Forestry, Wildfires, and the Good Neighbor Authority
As “the birthplace of American Forestry,” North Carolina is recognized for its early role in establishing research-backed forest management techniques.
ALEC Energy, Environment and Agriculture Task Force Director Joe Trotter sat down with the John Locke Foundation’s Jon Sanders and the Mackinac Center for Public Policy’s Jason Hayes to discuss ‘North Carolina: First in Forestry‘, an analysis of forestry management by Hayes.
As “the birthplace of American Forestry,” North Carolina is often recognized for its early role in establishing research-backed forest management techniques, and it continues to offer a refreshing perspective. The state’s land administrators clearly understand that proper forest management requires something other than simplistic prescriptions for preservation and restrictions on all but non-motorized recreation. Discussions with state and federal agencies, private industry, and elected officials across North Carolina reveal an appreciation of the value of mixing active harvesting and the production of wood products, controlled burns, spacing and thinning operations, conservation, outdoor recreation, heritage values, and wilderness protection on North Carolina’s public lands.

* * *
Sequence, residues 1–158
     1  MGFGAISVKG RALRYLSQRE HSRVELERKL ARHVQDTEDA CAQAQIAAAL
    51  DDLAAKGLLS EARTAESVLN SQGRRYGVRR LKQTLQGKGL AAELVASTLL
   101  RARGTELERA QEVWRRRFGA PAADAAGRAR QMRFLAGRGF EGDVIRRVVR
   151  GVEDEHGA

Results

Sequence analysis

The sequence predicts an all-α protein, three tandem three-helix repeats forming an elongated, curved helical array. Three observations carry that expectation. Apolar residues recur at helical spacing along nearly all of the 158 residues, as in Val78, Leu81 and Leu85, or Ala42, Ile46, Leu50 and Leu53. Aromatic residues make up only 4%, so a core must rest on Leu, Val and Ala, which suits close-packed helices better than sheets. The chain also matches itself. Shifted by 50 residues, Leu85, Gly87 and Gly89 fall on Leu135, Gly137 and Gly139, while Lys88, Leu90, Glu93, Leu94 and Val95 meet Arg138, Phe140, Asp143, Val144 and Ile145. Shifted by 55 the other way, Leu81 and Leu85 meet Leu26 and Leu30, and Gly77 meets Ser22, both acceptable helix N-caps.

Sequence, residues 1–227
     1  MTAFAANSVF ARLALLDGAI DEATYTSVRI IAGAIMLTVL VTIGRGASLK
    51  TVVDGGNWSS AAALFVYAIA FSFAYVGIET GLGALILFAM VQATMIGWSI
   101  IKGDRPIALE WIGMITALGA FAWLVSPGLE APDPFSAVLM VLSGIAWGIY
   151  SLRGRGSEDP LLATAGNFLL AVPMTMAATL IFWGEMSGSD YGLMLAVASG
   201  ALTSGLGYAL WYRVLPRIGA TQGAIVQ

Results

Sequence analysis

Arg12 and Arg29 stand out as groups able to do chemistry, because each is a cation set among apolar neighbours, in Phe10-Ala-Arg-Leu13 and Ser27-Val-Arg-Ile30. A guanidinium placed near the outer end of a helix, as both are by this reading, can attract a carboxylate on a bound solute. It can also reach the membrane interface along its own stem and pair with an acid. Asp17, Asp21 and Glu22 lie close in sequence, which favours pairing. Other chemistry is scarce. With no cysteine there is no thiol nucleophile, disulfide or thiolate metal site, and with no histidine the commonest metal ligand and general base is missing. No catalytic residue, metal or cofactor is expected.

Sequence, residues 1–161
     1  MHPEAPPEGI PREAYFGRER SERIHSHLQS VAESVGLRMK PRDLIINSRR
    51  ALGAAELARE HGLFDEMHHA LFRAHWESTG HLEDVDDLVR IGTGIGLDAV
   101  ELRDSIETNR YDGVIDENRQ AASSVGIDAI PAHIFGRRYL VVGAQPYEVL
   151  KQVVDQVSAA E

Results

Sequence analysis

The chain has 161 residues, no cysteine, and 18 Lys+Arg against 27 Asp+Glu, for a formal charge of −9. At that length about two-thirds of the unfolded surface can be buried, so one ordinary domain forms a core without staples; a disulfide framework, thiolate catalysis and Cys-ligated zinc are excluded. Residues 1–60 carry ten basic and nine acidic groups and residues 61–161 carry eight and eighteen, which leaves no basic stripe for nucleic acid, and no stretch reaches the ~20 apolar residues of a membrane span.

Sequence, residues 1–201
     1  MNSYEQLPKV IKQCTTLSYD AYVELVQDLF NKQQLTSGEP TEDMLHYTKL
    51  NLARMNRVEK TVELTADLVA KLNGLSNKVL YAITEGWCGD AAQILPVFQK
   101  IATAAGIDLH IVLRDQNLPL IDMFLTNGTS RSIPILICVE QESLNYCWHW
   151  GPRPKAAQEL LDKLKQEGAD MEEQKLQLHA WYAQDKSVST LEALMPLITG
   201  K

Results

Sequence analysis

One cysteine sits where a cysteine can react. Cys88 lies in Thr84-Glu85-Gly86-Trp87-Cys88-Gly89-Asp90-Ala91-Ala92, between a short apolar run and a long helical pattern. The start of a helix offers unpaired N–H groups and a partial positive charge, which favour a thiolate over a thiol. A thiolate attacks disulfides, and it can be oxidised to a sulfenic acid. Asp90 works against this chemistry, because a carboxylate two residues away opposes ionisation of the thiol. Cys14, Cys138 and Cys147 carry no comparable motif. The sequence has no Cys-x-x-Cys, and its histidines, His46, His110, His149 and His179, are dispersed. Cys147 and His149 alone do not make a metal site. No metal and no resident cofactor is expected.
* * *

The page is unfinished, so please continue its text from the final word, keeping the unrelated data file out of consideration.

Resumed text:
State and federal forest managers recognized in the past that these many and varied activities played an essential role in managing both a healthy and viable economy and natural areas of the Tar Heel State. Now, these activities remain an essential aspect of economic stability and forest management today and will continue to be important well into the future.